Council questions plan to truck sewage sludge - Hawaii News Now - KGMB and KHNL

Council questions plan to truck sewage sludge

Tim Steinberger Tim Steinberger

By Tim Sakahara - bio | email

HONOLULU (HawaiiNewsNow) - With sludge on the mind the entire Honolulu City Council showed up to a committee meeting to question the city's Department of Environmental Services Director over plans to truck raw sewage sludge around the island.

Sewage happens and in a few weeks more of it will be driven from Sand Island to Ewa Beach.  That's because the Sand Island Wastewater Treatment Plant doesn't have enough space and the Honouliuli Wastewater Treatment Plant does.  It's all to prevent a bigger blowout.

"If something was to occur in the digester and then you cannot treat sludge or say you had an upset in the digester you certainly do not want the system to back up and have it flow over," testified Tim Steinberger, Department of Environmental Services Director, at the Committee on Public Works and Sustainability Meeting.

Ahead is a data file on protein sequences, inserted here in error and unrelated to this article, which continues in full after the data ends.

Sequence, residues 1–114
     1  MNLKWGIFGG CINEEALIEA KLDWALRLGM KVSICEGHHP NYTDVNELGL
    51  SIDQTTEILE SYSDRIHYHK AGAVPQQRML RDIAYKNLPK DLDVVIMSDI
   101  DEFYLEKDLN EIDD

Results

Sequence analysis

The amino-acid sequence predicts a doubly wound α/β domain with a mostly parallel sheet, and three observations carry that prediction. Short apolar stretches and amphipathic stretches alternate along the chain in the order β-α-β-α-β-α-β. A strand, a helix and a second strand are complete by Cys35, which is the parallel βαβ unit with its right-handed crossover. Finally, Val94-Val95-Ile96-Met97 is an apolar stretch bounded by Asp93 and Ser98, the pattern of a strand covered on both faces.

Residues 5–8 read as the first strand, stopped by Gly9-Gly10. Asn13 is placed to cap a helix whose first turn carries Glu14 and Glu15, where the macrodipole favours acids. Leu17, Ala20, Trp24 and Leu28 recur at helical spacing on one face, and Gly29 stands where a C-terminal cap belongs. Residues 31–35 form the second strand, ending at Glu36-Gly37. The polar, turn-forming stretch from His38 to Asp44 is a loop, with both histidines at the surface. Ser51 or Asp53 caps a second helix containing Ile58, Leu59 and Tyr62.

"You're affecting so many other communities so I hope when you plan this next project you're looking at when it will be too full so you don't have to look at trucking," said Ann Kobayashi, Honolulu City Councilmember.

Long term the city wanted to spend $26 million on a new digester but the council wiped away that money from the budget.  Some council members want to look at new technology which seems to scare the city.

"To put a lot of money into something new and completely design a brand new treatment plant around a single technology just doesn't make sense to an engineer," said Steinberger.

Still the city is taking the next 90 days to hear alternative ideas. Steinberger invited council members to share the technologies they would like considered with his office.

Councilmember Romy Cachola called that a "cop out" because he says council members are not the experts in the subject matter and urged Steinberger to have an open mind when it comes to change.

In the meantime the city still plans to start test runs of trucking sewage starting August 15.  At most one 5,000 gallon truck load a day will be hauled for 30 days.

The environmental assessment on the trucking impact is still underway.

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